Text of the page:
We are seeing lots of examples of companies being set up incorrectly.
Incorporation agents and companies house let you set up your company without many checks and balances.
Here are 8 things you need to know:
Business Records Checks are coming to the South East after Christmas. Happy New Year!
Business Records Checks need not cause SMEs many problems, but there are some pertinent points to know:
In summary, keep your accountant or agent informed, and if you present a clear picture of how you keep your records to make sure all income and appropriate costs are recorded, Business Records Checks shouldn't be something to cause you undue concern.
Today's Budget certainly had a strong business emphasis to encourage and incentivise business growth. On the other hand, artificial transactions set up simply to avoid tax would not be tolerated.
A very important message for business is the introduction of more simplification. HMRC are merging parts of their online screens so it's easier to check your tax due and paid. PAYE and NIC administration is being merged possibly followed by a merger of the rates. If your turnover is less than £77,000 you can opt to prepare your accounts on a cash basis. Helpfully, this is the same as the VAT threshold so you needn't worry about VAT either.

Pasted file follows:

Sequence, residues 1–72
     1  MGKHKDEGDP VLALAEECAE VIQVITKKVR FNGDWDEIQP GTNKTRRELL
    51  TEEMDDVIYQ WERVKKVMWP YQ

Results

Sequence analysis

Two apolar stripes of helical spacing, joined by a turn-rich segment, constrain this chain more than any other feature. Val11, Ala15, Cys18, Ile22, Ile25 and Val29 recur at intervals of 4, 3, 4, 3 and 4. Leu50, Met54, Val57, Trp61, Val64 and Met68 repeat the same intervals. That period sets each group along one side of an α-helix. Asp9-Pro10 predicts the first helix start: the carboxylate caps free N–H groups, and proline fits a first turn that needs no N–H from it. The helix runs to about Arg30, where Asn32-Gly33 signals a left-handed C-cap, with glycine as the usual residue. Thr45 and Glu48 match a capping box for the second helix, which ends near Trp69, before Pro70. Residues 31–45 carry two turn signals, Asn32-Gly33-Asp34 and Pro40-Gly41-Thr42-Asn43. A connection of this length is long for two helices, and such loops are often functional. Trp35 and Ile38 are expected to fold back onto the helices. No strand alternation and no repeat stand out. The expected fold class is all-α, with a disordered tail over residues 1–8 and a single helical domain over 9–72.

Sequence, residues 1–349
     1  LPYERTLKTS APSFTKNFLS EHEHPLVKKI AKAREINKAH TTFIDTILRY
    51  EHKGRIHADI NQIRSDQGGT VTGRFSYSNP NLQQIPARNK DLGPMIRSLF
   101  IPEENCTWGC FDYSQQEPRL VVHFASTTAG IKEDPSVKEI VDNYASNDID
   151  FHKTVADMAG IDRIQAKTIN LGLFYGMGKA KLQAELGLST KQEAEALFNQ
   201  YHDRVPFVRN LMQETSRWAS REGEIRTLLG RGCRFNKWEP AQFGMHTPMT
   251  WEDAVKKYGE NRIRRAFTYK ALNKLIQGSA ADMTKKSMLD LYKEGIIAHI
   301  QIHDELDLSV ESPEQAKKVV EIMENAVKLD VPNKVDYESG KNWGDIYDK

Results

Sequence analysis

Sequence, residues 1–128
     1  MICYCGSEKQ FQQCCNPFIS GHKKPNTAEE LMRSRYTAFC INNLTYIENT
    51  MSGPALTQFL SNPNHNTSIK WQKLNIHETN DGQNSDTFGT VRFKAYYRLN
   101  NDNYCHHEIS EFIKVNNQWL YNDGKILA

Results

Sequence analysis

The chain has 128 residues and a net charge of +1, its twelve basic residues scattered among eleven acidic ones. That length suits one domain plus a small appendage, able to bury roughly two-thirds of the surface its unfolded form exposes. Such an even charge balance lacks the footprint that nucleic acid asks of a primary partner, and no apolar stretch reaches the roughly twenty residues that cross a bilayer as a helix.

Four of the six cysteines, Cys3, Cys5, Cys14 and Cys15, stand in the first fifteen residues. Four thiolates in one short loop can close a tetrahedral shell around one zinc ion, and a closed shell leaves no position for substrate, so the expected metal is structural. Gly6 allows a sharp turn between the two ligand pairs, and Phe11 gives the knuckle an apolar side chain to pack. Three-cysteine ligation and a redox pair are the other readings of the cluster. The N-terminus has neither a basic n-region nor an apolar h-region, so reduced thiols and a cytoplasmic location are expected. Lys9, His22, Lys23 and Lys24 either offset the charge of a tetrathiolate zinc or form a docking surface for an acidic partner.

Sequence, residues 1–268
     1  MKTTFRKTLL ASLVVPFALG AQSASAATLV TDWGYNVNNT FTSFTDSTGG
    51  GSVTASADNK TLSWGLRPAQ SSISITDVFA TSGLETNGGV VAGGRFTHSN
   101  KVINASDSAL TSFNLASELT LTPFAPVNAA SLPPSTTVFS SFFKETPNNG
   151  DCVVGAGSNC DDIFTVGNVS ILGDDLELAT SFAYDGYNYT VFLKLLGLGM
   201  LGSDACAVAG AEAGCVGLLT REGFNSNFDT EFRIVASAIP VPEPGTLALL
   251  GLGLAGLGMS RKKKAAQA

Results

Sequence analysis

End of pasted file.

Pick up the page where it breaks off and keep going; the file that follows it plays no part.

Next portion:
Therefore you may find the navigation of the tax system that bit easier. I also suspect this means small businesses won't be subject to the new business records checks so often as the risk of an error must be much lower and it can't be worth an Inspector's time.
Any of your staff earning less than £8,105 this tax year and £9,205 next tax year, often part time employees, will pay no income tax and little national insurance. However, this seems to mean the PAYE system must still be operated and this will allow your staff to achieve their state pension credits. Importantly, it may help in the recruitment and retention of part time staff, as they will have a higher take home pay. Always something useful to know when hiring staff.
Profits up to £300,000 are taxed at 20% and profits over £1.5m are taxed at 24% from April 2012. Profits in between £300,000 to £1,500,000 suffer a higher marginal rate than the 24%. With the continual reductions to the main corporation tax rate, it looks as though the Chancellor wants all companies to eventually pay the lowest 20%. This is very welcome as it means companies don’t have to worry about crossing the £300,000 threshold which does cause successful companies some issues.
Now we've just finished the usual flurry of last minute income tax returns, it's a good time to remind ourselves why we should submit our income tax and corporation tax returns early.
When I suggest this to people, about a quarter of them query it as a bad idea because it means the tax is due earlier.
This isn't true for any tax payments. Tax due dates are fixed according to accounts and tax year ends.